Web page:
Many cyclists are permanently hungry. This is not surprising, since training for a time trial or riding a bike to work every day needs a lot of fuel, and those extra calories don’t come from fresh air.
Nature has designed hunger as a powerful physiological drive to seek out food and eat something. However, although cyclists are often hungry they are also busy, and often don’t have time to eat.
The temptation is to grab poor quality fast foods and eat on the run. American cyclists joke about their craving for vitamin C-3 (chocolate chip cookies).
The high sugar content of sweets, biscuits and cakes may serve the purpose of re-fuelling, but these foods are severely lacking in essential micro-nutrients.
Eating is obviously about nutrition and getting enough vitamins and minerals, but it is also about pleasure. Wolfing down a packet of custard creams after a training ride does not give the same eating pleasure as a plate of penne pasta tossed in pesto and olive oil.
Even if you do eat these types of foods and can sit back and feel smug knowing that you do eat your greens, there is still another level of balance to consider.
Feeding the soul
A balanced diet, according to Chinese medicine, satisfies hunger, but also feeds the soul. In the middle of winter, after the excesses of Christmas, there is often a need to detox in an attempt to repair the damage. This usually involves a lot of lemon juice, grated carrot, salad and grapes. These are all good foods – but not at that time of year.
According to Chinese medicine, every food has its own heating or cooling energy. A truly balanced diet means eating plenty of warming foods in winter. Going out for a ride on a chilly day and coming home to a bunch of lettuce doesn’t do much for your spirits (or to restore your muscle glycogen levels), but a bowl of vegetable soup will.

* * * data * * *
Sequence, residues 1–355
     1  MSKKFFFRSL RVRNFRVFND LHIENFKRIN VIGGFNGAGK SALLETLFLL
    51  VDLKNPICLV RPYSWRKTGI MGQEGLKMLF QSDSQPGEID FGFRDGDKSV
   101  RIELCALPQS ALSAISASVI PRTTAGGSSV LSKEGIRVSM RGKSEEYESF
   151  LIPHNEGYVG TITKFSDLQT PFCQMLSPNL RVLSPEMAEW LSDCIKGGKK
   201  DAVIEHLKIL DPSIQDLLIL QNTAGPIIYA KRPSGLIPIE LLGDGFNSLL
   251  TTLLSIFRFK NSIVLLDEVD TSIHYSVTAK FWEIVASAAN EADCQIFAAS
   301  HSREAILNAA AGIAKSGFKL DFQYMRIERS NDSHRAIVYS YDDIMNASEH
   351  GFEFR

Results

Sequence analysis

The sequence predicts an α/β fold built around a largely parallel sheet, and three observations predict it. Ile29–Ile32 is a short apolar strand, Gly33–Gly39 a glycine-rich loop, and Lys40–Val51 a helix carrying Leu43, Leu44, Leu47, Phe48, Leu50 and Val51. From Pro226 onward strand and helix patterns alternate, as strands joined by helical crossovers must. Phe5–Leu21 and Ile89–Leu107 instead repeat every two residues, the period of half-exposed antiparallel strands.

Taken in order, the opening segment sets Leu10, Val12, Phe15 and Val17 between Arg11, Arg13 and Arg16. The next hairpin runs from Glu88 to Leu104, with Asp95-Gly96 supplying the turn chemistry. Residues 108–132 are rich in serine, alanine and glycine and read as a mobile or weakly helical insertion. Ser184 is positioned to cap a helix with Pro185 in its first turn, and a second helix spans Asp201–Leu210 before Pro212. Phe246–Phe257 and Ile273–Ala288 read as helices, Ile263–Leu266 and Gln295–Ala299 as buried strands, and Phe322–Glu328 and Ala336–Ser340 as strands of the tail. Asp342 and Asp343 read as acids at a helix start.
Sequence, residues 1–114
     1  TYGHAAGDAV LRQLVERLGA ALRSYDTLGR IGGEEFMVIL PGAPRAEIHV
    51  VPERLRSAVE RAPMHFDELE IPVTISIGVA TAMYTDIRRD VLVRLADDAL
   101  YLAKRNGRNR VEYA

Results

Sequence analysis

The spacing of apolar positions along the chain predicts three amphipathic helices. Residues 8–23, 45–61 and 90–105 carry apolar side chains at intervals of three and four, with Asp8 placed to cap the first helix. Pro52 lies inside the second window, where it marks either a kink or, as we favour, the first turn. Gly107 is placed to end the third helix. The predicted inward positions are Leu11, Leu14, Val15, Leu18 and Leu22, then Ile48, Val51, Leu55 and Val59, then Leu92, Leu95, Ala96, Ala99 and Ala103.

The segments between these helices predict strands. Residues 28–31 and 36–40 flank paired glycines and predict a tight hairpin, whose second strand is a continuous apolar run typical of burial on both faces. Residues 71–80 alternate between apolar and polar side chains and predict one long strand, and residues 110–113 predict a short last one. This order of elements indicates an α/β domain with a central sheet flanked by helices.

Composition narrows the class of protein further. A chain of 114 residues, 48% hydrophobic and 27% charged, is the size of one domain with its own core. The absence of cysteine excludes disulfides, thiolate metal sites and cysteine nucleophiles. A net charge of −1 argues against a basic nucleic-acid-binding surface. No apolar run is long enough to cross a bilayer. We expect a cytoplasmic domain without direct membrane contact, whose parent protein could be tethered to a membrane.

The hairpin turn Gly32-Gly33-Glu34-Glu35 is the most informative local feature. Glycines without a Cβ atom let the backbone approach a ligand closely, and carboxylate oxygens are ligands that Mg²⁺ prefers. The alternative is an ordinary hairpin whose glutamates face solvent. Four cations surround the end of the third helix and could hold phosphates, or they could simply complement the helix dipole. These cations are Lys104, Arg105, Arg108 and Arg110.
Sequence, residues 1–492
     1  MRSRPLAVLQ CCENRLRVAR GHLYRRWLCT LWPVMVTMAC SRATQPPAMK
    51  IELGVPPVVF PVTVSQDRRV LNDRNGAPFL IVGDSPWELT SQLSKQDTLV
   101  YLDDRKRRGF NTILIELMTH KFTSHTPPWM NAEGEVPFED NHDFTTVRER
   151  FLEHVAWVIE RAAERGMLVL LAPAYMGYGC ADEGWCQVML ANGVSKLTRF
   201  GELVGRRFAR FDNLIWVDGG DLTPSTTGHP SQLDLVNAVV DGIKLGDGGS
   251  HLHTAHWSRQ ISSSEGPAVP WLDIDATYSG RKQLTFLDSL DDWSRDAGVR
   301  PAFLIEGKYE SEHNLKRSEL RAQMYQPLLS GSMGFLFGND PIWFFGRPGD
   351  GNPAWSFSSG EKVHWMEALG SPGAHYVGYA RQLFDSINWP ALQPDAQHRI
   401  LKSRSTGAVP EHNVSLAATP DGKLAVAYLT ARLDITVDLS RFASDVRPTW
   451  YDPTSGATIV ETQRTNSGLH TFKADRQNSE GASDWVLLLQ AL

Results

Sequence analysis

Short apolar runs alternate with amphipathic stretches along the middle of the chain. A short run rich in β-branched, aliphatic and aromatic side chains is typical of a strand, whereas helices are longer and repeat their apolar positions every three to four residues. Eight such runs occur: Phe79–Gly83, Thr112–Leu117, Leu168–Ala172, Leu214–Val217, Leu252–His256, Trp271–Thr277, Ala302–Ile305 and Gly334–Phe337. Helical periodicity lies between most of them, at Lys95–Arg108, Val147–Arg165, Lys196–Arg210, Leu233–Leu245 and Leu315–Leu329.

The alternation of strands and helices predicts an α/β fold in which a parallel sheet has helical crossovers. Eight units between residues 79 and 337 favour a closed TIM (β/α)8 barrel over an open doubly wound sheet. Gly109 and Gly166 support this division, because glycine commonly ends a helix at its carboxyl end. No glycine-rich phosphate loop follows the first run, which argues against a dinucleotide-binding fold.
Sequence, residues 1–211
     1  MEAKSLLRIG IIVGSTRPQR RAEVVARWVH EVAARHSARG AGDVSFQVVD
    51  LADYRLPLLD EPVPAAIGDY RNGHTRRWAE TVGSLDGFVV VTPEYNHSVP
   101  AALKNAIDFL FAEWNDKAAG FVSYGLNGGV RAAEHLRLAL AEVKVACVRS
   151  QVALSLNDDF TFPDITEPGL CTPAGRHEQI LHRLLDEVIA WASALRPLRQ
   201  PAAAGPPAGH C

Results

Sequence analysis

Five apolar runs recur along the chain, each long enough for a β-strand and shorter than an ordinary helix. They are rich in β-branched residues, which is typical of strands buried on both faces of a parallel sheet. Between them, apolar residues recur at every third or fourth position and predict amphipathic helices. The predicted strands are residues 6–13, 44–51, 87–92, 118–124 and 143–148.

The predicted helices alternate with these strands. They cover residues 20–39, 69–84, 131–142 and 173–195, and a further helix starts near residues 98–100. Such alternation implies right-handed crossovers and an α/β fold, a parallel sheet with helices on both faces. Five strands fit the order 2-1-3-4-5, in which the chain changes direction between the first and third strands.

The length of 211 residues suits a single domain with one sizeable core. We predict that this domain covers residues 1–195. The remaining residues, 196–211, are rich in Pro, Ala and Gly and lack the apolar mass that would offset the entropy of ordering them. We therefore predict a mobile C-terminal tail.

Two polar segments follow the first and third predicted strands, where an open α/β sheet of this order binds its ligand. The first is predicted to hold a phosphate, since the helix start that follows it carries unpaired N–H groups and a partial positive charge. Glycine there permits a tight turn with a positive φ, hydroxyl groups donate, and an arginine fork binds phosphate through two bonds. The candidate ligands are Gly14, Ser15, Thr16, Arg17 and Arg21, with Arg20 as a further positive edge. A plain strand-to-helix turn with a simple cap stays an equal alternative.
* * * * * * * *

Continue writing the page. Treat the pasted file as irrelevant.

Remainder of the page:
In these days of global supermarkets, it is easy to push your trolley down the aisle and throw in anything you fancy. However, radishes and mange tout grown under African sun and flown across the world don’t contain the same nutrients as fresh, local produce that was grown and picked locally.
Eating in season adds another level of balance to your diet. You are also cutting down on food miles and doing your bit for the planet by eating turnips grown in Scotland and potatoes from England, rather than green beans grown in Kenya.
Spring is on its way, but the local berries and soft fruits are not yet in season. Until they are, enjoy a fruit salad made from dried fruits and warming spices – a post ride snack or balanced breakfast, on all levels, for hungry cyclists
500ml organic apple juice
50g unrefined muscovado sugar
200g dried figs – roughly chopped
200g dried, brown,
200g dried pitted prunes
100g dried apple rings
100g dried cranberries
6 whole cloves
2 cinnamon sticks
4 black peppercorns.
Pinch of ground saffron (optional)
Combine the water, apple juice, sugar and spices and bring to the boil, stirring until the sugar has dissolved. Add the dried fruit and simmer gently for 20-30 minutes until soft. Set aside to cool and then remove spice pieces. Serve warm with natural yogurt and toasted, flaked almonds. Alternatively, leave to cool overnight. The fruit will be extra plump. Serve with natural yogurt, unsweetened muesli and/or chopped nuts.
Dr Chris Fenn Accredited Nutritionist www.chrisfenn.com